Businessman Charged with Bribery and Attempting to Export Container of Sea Cucumbers

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19 August 2020, Mulinuu, Apia.

A businessman facing charges of attempting to export a container of sea cucumbers estimated to be worth over $US3.6 million is alleged to have offered a bribe of $5,000 tala to a Customs Officer.

Mr Quinping Yan also known as Tom or Paul, is accused of attempting to export a container of sea cucumber on the 24th of April this year. 

The export of sea cucumber is prohibited under Samoa’s Fisheries Act 1988.

The matter was reported by the Ministry for Customs and Revenue when Quinping allegedly offered a $5,000 tala bribe to customs officers to allow a container of sea cucumber to be processed for export. Mr Quinping faces additional charges relating to providing false and misleading documents relating to the offense.

The matter was heard before District Court Judge Alalatoa Rosella Viane Papalii. Defense counsel Mauga Precious Chang requested a 2 week adjournment to receive trial documents from prosecution.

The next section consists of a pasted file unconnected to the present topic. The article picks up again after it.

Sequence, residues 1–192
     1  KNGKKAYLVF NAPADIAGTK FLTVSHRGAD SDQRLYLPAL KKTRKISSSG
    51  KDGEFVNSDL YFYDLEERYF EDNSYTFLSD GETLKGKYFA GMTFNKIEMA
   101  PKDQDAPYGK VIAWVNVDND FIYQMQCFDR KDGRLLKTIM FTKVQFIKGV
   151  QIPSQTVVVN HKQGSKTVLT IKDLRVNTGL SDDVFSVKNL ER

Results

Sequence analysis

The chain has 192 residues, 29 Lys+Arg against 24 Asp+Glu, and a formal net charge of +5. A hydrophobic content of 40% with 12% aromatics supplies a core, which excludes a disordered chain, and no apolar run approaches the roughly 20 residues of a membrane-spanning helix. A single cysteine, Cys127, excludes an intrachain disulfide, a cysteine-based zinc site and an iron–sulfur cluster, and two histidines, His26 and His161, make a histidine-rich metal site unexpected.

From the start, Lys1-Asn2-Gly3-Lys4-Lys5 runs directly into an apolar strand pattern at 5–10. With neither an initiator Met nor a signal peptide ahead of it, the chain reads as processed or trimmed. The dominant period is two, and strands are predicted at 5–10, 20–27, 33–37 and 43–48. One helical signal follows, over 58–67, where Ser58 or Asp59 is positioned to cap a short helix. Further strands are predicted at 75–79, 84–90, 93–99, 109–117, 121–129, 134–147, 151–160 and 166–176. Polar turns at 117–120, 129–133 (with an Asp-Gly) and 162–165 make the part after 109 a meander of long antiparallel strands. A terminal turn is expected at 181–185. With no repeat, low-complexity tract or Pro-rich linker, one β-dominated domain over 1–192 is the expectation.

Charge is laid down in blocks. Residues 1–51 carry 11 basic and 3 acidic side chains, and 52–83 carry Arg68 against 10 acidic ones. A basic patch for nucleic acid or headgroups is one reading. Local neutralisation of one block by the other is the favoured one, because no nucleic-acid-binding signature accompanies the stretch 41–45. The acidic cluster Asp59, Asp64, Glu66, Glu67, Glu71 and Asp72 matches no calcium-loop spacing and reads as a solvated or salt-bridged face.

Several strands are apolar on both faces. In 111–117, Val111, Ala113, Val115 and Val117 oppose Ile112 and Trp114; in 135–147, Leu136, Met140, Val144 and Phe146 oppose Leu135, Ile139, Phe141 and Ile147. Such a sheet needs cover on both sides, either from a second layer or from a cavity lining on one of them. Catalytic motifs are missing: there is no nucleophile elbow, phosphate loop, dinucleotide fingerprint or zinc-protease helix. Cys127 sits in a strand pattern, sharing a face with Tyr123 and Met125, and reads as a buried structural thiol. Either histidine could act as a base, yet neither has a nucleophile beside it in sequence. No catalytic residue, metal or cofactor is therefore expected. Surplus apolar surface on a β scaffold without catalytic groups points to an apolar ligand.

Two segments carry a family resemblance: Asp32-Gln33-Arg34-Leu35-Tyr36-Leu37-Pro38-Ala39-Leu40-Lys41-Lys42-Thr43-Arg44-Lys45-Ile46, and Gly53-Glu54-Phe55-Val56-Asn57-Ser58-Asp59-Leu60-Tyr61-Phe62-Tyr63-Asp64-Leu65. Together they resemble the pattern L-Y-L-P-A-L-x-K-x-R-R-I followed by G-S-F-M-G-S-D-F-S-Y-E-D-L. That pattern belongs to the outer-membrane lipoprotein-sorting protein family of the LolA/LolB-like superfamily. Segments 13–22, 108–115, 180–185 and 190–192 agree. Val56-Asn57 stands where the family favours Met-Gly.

Last month the owner of the popular Treasure Garden Restaurant in Samoa, Mr Chen Pao was convicted and fined $2000 tala for operating a sea cucumber fishery for export purposes without approval, and $1,000 tala for operating a fishery establishment without a license.

In that case, the Court had heard that the estimated market value of sea cucumber was US$800 (over ST$2,000) per kilogram in the Asian market.

The Ministry of Agriculture and Fisheries had explained the important enviromental role of sea cucumbers in the eco-system.

“They extract bacteria and oganic matter, and are responsible for the oxygenation of several types of seafood, therefore the intentive collection of sea cucumbers impacts negatively on water quality as well as other marine resources; and may cause changes to the condition and nature of the sea floor settlement”.

Image: reefguide

Marieta H Ilalio